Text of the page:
Above all, voting rights should come with strict and compact rules and regulations. Breaking any of the voting rules may lead to high level of punishment, as treason or even life imprisonment. This will help prisoners guard and exercise their rights correctly and maturely. For example, breaking a rule may lead to the extension of an inmate's sentence, or a transfer to a maximum security prison. All the same, during the registration process the management should only consider the eligible, responsible and well mannered prisoners. Concurrently, the voting rights should come with the crime committed or the length of the sentence. Some crimes limit some of the prisoners to vote. This may be due to the intention of the prisoner to the state. For example, a person convicted of political issues cannot acquire rights for voting. He/she may influence others negatively within the prison to overthrow the UK government.
In conclusion, passing the bill of the prisoners’ right to vote will be a great move by the UK government, but to some extent, they must be careful with how the right is allocated or given to the various inmates. The law will be a great move because it will incorporate every citizen, and they will feel free to air out their views openly. The prisoners too will be disciplined and careful so as not to lose their rights to vote by any chance.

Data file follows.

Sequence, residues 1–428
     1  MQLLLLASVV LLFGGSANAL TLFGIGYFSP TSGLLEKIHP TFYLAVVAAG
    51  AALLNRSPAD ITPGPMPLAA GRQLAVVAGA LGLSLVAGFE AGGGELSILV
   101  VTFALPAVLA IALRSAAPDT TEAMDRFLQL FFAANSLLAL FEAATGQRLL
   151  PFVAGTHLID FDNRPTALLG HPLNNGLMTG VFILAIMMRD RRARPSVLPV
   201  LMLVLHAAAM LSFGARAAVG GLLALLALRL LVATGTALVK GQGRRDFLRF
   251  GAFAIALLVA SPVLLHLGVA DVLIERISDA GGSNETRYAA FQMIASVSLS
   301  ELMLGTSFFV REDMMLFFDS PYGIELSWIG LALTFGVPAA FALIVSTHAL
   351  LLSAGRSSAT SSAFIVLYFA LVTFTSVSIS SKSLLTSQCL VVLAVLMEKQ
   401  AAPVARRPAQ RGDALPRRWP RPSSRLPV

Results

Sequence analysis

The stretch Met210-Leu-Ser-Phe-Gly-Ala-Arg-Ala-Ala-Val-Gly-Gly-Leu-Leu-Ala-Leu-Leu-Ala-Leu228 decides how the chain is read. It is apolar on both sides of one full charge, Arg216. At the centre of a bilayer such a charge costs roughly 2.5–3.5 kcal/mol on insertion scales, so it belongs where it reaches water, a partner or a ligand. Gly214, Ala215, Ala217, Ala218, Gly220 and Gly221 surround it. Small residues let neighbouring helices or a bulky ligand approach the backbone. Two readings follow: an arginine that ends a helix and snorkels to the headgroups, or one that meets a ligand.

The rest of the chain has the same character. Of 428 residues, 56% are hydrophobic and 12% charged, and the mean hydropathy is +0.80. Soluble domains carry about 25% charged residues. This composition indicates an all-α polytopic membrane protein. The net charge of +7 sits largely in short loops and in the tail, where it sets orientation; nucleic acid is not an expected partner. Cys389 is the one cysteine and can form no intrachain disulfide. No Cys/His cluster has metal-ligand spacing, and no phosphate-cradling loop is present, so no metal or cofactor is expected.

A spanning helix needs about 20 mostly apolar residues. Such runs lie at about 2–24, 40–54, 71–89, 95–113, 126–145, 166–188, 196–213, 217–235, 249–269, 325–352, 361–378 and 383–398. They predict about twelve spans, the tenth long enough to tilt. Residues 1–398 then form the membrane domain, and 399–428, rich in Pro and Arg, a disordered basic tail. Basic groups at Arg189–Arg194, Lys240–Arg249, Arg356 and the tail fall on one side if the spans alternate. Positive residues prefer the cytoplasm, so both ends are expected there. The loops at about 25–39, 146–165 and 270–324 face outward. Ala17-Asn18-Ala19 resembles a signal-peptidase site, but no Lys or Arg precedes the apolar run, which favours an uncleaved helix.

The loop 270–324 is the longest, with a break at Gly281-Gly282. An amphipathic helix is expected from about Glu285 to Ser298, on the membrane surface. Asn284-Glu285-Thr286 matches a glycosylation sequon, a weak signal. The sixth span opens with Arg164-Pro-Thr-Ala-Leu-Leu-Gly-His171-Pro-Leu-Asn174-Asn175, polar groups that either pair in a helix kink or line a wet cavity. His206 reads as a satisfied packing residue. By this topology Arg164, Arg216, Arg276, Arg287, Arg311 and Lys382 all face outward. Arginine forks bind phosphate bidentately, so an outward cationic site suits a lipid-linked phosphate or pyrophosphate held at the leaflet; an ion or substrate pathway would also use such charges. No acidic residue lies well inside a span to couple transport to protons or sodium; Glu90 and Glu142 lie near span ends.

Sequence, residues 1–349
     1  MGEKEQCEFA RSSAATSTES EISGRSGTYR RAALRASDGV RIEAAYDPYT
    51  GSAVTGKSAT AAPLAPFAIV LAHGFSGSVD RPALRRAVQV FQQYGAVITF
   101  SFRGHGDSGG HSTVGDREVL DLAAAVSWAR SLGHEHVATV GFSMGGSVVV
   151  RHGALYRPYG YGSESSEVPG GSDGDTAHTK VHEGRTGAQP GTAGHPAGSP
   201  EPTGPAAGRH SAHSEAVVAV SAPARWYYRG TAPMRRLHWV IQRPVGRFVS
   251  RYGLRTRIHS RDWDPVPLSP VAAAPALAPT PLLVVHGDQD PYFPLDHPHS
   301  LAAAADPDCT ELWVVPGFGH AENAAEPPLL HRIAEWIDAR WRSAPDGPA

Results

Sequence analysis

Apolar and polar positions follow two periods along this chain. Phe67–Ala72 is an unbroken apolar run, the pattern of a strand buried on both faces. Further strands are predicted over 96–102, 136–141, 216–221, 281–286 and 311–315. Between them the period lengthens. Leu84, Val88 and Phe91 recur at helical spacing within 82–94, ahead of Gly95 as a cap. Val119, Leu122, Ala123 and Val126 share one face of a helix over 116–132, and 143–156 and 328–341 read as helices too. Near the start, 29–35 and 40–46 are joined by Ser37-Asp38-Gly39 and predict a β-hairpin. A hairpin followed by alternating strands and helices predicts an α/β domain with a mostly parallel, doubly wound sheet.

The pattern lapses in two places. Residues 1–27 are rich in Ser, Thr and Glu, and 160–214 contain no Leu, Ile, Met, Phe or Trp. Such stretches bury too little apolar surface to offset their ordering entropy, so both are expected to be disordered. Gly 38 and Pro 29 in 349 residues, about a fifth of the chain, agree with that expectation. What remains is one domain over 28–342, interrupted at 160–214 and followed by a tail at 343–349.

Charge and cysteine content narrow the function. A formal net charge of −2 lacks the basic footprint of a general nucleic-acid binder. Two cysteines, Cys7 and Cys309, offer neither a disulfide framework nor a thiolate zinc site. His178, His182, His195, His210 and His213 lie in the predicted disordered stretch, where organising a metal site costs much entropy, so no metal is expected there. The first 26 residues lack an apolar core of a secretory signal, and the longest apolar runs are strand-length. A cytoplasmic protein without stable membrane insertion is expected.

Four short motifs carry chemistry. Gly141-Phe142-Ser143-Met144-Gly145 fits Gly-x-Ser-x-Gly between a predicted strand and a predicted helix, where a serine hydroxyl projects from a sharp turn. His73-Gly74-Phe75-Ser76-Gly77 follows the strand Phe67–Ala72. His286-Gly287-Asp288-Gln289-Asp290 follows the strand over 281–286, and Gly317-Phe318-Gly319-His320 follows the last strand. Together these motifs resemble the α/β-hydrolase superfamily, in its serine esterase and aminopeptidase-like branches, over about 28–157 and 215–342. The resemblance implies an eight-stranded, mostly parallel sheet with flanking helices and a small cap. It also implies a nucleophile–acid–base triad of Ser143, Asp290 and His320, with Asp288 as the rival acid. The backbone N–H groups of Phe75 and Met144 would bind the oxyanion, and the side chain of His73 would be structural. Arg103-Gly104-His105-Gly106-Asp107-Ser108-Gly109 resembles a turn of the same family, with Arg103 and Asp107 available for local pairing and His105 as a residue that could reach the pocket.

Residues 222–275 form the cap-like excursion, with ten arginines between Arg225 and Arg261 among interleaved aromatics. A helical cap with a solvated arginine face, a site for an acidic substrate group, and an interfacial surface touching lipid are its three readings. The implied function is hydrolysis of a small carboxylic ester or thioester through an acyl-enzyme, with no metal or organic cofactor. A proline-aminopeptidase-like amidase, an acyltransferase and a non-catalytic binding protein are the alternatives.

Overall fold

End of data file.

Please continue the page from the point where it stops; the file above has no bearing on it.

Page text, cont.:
REFERENCES
Steiner, Josephine; Woods, Lorna; Twigg-Flesner, Christian (2006). EU Law(9th ed.). oxford University Press. P.72
Chrimes, S B (1967). English Constitutional History. London Oxford University Press. P.42.
Smith, David L. (2002). “Change & Continuity in 17th Century English Parliaments”.
Gallop, Nick in The Constitution and Constitutional Reform p.26 (Philip Allan, 2011)
Smith, David L. “Change & Continuity in 17th Century English Parliaments”. History Review, 2002. P.1.
Craig, Paul; Grainne De Burca ,P.P. Craig (2007). EU Law: Text, Cases and Materials (4th ed.). Oxford University Press. P.371
Smits, (Jan 2002), The Making of European Private Law. P.113
Tomkins, Adam (2003). Public Law. Oxford University Press. P.120